Where Were You? What I Want To Say To My Emotionally Unavailable Mom
Despite what others prefer to believe, all women can be mothers.
But not all mothers can be maternal. At least, that’s what I’ve learned from living with you all these years.
I guess that’s the same as saying you weren’t hardwired to love me. But I certainly was born to love you and need you. I didn’t know this when I was younger, although I wish I did. I wish I understood.
You, in all that you are and all that you are not, gave me life. Yet, I could not recall a single moment where you held me closely or lovingly. I had no memories of you offering me the solace of your touch, the warmth of your embrace or the brightness of your smile.
Sure, you kept me well-fed, bathed and clothed. Other than that, what else was there, mama?
All I remember is you were emotionally distant, perpetually detached. You never profoundly realized how much I needed to be held, comforted and heard. You left me hungry and desperate for love, approval and validation. All of this, I sought from others.
Good thing papa (bless him) was around to make up for what you couldn’t give. I can never thank him enough. But, alas, his love can only go so far. I needed you, too.
Look at me, mama. I need a little fixing.
A few others have tried, but have failed miserably. They all gave up eventually.
Who would even dare waste their youth on someone as hopelessly broken as I am, right? At least, that’s what you taught me to believe. You denigrate me every chance you get.
I keep trying to figure you out. Watching movies and reading books about mothers and daughters who share a strong emotional bond always filled me to the brim with the painful awareness of a deep loss, and the pustulating horror that I was alone in this anguish.
This was my own personal brand of hell.
Was it your underprivileged childhood? Your equally disconnected mother? Or was it because you had me when you were still so young?
What was going through your head when you first held me? Were you disappointed that your life plans were put on hold, and eventually forgotten, because you gave birth to such a needy, greedy baby?
“Greedy. That’s practically your middle name,” you said. Remember?
Am I the cause of all your frustrations? Do you look at me and see all the things you couldn't have, all the things that are wrong in your world?
When I was in high school, I remember you said you wanted us to have a more open relationship, something you never had with your mother.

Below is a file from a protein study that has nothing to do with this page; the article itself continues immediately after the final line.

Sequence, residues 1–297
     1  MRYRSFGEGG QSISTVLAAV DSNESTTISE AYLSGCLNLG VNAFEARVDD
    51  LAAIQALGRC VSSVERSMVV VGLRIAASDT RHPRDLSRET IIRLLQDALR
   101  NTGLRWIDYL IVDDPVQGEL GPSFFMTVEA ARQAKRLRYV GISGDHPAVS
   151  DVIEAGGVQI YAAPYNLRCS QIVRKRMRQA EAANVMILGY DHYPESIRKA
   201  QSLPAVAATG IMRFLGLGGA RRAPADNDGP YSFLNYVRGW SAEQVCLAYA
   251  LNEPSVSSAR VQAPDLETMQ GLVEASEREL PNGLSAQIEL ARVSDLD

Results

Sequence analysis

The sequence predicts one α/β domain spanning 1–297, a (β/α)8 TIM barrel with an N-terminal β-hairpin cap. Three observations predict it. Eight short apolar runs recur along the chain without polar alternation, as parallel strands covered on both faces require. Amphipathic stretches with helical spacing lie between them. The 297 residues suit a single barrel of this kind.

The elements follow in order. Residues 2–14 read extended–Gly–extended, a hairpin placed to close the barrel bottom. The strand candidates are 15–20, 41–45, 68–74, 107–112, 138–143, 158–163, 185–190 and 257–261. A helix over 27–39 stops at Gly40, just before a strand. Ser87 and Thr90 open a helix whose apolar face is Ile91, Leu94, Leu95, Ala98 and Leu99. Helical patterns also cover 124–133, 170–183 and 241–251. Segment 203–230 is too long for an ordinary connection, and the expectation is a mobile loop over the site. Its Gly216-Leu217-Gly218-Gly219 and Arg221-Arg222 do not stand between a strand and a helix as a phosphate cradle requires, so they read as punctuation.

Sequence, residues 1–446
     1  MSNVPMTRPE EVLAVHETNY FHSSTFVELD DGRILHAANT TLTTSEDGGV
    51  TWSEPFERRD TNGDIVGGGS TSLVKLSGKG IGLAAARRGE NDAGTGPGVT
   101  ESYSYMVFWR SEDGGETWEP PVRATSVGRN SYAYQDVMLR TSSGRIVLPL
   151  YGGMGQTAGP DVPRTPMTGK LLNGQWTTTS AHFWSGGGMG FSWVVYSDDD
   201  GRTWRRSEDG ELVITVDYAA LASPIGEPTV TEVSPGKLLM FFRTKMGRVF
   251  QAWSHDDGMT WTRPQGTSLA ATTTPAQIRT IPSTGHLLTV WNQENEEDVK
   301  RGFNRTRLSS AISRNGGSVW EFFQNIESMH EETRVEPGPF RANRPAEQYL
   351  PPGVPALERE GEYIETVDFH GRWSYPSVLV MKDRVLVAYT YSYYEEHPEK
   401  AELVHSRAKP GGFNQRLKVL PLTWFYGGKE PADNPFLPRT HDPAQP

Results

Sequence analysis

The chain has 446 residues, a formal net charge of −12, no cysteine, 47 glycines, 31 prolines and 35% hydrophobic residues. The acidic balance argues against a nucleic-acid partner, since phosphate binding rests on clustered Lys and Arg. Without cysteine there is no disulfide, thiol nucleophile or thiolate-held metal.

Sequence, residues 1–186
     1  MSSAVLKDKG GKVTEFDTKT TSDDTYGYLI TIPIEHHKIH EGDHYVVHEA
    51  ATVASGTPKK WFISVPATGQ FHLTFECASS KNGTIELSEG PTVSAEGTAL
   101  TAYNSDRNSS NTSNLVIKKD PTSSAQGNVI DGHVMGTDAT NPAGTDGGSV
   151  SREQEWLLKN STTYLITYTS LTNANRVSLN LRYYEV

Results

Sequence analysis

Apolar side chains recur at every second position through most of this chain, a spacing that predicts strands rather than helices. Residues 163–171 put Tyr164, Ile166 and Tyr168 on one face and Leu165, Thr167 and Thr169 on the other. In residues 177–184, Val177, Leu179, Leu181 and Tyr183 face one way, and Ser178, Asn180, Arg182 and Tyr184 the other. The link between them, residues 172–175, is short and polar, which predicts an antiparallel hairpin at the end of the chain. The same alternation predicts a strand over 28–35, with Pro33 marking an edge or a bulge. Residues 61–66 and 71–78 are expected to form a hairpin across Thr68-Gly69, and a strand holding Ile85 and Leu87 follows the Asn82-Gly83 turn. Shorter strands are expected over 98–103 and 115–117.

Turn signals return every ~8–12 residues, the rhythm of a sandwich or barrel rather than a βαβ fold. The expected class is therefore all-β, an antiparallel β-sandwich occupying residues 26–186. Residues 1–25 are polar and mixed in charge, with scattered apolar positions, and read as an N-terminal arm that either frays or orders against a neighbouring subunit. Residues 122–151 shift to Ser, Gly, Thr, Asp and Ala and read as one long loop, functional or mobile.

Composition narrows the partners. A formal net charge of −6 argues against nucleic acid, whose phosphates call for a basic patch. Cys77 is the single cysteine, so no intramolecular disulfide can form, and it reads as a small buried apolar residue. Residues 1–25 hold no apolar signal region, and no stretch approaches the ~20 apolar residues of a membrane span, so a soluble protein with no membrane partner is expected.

I believed you, you know. I craved that, too.
Although, now that I’ve thought about it, it made no sense. It’s quite difficult to reconcile the idea of you wanting to befriend me, with you being unspeakably critical of me one day, impossibly apathetic the next and then, completely out of the blue, disconcertingly affectionate toward me.
In retrospect, I am now suddenly aware that the overbearingly fussy mom act frequently happened in front of an audience.
Behind closed doors, you never asked me what I was thinking or how I was feeling. I grew up believing my opinions and emotions were largely irrelevant to you.
You dismissed me and my achievements at every turn. There was, and is, no winning with you. I was never smart enough for you, mama. Apparently, not studying but still making it on the honor’s list was a feat you’ve seen before. You were certainly not impressed that I was never the class valedictorian.
I was never pretty enough for you, either. Whenever I told you about the boy I liked in school who also liked me back, you always put on that patronizing grin of yours, all the while telling me he was probably just being nice. The worst part is, for the longest time, I believed you.
I still believe you, sometimes.
Mama, for years, you’ve convinced me I am unworthy of unconditional love and affection, for being unapologetically me.
My relationships, both romantic and platonic, have been a constant roller coaster ride. One moment, my head is spinning from the high of all their love and support, and the next minute, I am spiraling into depression, because I feel like I can’t trust them to stick around.
Because who would want to stay with a person who is beyond reparation, right?
I know all emotions are fleeting, and it always seems like euphoria is less welcome than misery when I’m around you. I have a boyfriend who adores me, but I am constantly horrible to him. I don’t even know why, considering the amount of fondness I have for that man.
Maybe it’s self-sabotage? Perhaps. What I do know for sure is I don’t deserve such a kind, loving soul.
Or do I?
Do you even realize how crippling it is to constantly wait for the other shoe to drop? I have friends who have been there for me all these years and I, for the life of me, don’t trust them enough to not judge me whenever I open up about my problems and this sadness you’ve inflicted.
That is why I suffer in silence.
Career-wise, I am unable to move forward, stuck in a frustrating heap of mediocrity. Perhaps it’s the constant procrastination which, I must admit, is my own doing. Or it's possibly the incessant self-doubt, which is a product of adopting your view of me all this time.
I am hesitant to try something new, as I am fearful of the possibility of failure. In your eyes, I certainly am one.
I feel an obsidian emptiness in my heart and my soul. And you are the one who caused it.
I detest what you’ve done to me, but even I know I can’t hate you forever. I can’t keep living my life like this, mama.
But who do I turn to?
I reckon this terrible affliction is mine, and mine alone. I have to stop blaming you now.
I have to emancipate myself from all the guilt that well-meaning people direct toward me, for having such strong, contradictory feelings for you. They are oblivious to what it’s like to writhe under your disapproving gaze, after all.
I must be free of you somehow. Only then can I begin to heal. Only then can I be free.